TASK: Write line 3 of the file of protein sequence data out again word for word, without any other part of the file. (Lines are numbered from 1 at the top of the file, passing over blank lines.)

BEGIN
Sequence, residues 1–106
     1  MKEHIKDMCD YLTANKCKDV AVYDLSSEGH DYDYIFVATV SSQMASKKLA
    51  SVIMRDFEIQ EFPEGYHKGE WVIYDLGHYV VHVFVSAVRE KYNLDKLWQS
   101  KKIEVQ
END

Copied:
    51  SVIMRDFEIQ EFPEGYHKGE WVIYDLGHYV VHVFVSAVRE KYNLDKLWQS